Is there a crisis in England, only one club represented? I was asked two years ago whether Celtic rugby would ever challenge Anglo-French domination again after the Saracens v Clermont final. Only English and French teams in the last 8 that year – I laughed out loud and suggested that Celtic Rugby may have a thing or two to say about that and look at them now! My answer is the same now for the English who will not be offering up excuses. It is true though that the Premiership, Champions/Challenge Cup and International schedule is bruising for the English players, witness all their injuries and the intensity of every game.  Scratched record time on some integrated thinking for the English game and everyone else because the injury count is unacceptable in that context.
 
In the Challenge Cup, I haven’t seen a much better game than at Gloucester on Friday night, where Pau justified their status with a comprehensive win and look very good value in a quarterfinal line-up featuring all the major nations including defending champions Stade Francais who actually lost their opening match against the Russians in Krasnoyarsk! Again, a wonderful mix of teams including Cardiff, Edinburgh and Connacht and it will take a mighty fine performance to win it this year.
 
As we take a breath and look to the Six Nations, Eddie felt compelled to defend the underperforming English clubs – and to be fair, players too – suggesting that this is no guide to International performance. Maybe not, but it does not help. I suspect that the Welsh and the Irish would like to bottle what their regions have served up and deliver it straight onto the International table. If only life was so simple …… ask Saracens, who live to fight another day but it was close and they will have to do it the hard way this year, starting in Dublin. Bring on April!
H.

Hallers Christmas Blog


As the Autumn Internationals played out, followed by two tumultuous European weekends, there has been much to admire as well as ponder as we approach a seasonal period of rest and reflection – unless you are a professional rugby player who isn’t banned or injured in which case not much of either. 

First the good news – I was asked two years ago whether I was concerned about the Irish amid the Anglo-French dominance in the Champions Cup and I suggested they would be back sooner than anyone thought – so it proved. First they provided two semifinalists last year. Then, two weeks ago, a fully refreshed Leinster took the English Champions Exeter down on their own ground and resisted their best efforts the following week. Munster under Rassie Erasmus has injected pace and power into their youngsters and their toothless semifinal against Saracens is a distant memory after their double over Leicester. A compelling set of performances by Ulster could pay dividends, and meantime Connacht is unbeaten in the Challenge Cup. A ruthless Autumn series has left Ireland looking at Twickenham with real confidence and while the Calcutta Cup is going to be tumultuous, England v Ireland will be something else again.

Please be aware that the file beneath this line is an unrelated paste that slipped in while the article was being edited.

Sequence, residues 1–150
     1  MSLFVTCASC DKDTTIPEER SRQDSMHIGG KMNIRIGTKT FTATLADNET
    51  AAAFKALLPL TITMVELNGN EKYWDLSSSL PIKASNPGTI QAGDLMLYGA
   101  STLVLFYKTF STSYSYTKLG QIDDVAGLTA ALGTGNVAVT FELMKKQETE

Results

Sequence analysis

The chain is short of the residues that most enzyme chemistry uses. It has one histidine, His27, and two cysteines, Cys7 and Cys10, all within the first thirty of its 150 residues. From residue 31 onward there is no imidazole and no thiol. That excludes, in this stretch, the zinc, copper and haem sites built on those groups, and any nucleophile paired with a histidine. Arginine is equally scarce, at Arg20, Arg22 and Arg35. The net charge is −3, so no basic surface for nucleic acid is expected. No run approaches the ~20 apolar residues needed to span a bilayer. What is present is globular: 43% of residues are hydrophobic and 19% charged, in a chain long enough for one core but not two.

You could argue that the performance of the French team in the Autumn was nothing short of disastrous but they are in good shape in Europe, sporting their multinational squads. A rejuvenated Clermont look dominant and the rising star of La Rochelle have illuminated the competition, while Montpellier and Racing 92 lurk dangerously. I love the look of Rounds 5 and 6 with Toulon, Bath and Scarlets all in the hunt in their pool.

As for the English, I presume Eddie Jones finalised his extra squad members this Autumn because little else was established than Daly’s star quality. At the club level  some signs of mid season tiredness but there is no margin for error in Europe.

More worryingly… here we are again, and whether accidental or deliberate the number of damaging head contacts continues apace. Donnacha Ryan, an influential International name, has called it ‘a blight on the game’ and calls for action. In my opinion tackling targeted above the shoulders could be called automatically yellow and possibly red with a minimum six week ban. Then people will stop doing it. The only thing about the game that is going soft is in the coaching diktat which demands high tackling to stop the offload. Plain wrong.

Do I need to mention the clear out again? Ask Faletau how he feels about his knee ligament injury caused by exactly that by Mathieu Basteraud

To end on a positive and festive note however, the Northern Hemisphere rugby world is buzzing at most levels and the Rugby Club Christmas parties and carol-singing will be in fine voice.